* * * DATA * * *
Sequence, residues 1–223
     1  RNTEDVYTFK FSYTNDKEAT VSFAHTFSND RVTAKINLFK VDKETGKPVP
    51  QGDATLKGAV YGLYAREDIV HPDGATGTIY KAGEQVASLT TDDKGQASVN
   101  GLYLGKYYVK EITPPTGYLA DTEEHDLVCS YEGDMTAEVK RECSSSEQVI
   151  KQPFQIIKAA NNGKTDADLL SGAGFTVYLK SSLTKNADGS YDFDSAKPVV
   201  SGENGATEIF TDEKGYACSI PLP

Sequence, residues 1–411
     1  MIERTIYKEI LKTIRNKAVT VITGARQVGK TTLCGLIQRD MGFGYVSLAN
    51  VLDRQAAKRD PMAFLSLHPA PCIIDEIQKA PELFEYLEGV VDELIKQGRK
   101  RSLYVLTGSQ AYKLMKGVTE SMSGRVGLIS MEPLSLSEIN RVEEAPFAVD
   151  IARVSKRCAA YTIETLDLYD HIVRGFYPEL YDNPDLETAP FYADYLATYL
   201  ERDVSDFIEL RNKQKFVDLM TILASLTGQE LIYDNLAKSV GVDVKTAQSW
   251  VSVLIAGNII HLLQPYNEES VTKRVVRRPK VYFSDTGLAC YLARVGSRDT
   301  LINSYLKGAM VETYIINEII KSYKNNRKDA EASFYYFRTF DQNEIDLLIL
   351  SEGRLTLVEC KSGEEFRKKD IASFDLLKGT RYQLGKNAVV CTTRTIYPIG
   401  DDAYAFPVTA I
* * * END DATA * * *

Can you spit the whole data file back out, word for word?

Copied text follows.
Sequence, residues 1–223
     1  RNTEDVYTFK FSYTNDKEAT VSFAHTFSND RVTAKINLFK VDKETGKPVP
    51  QGDATLKGAV YGLYAREDIV HPDGATGTIY KAGEQVASLT TDDKGQASVN
   101  GLYLGKYYVK EITPPTGYLA DTEEHDLVCS YEGDMTAEVK RECSSSEQVI
   151  KQPFQIIKAA NNGKTDADLL SGAGFTVYLK SSLTKNADGS YDFDSAKPVV
   201  SGENGATEIF TDEKGYACSI PLP

Sequence, residues 1–411
     1  MIERTIYKEI LKTIRNKAVT VITGARQVGK TTLCGLIQRD MGFGYVSLAN
    51  VLDRQAAKRD PMAFLSLHPA PCIIDEIQKA PELFEYLEGV VDELIKQGRK
   101  RSLYVLTGSQ AYKLMKGVTE SMSGRVGLIS MEPLSLSEIN RVEEAPFAVD
   151  IARVSKRCAA YTIETLDLYD HIVRGFYPEL YDNPDLETAP FYADYLATYL
   201  ERDVSDFIEL RNKQKFVDLM TILASLTGQE LIYDNLAKSV GVDVKTAQSW
   251  VSVLIAGNII HLLQPYNEES VTKRVVRRPK VYFSDTGLAC YLARVGSRDT
   301  LINSYLKGAM VETYIINEII KSYKNNRKDA EASFYYFRTF DQNEIDLLIL
   351  SEGRLTLVEC KSGEEFRKKD IASFDLLKGT RYQLGKNAVV CTTRTIYPIG
   401  DDAYAFPVTA I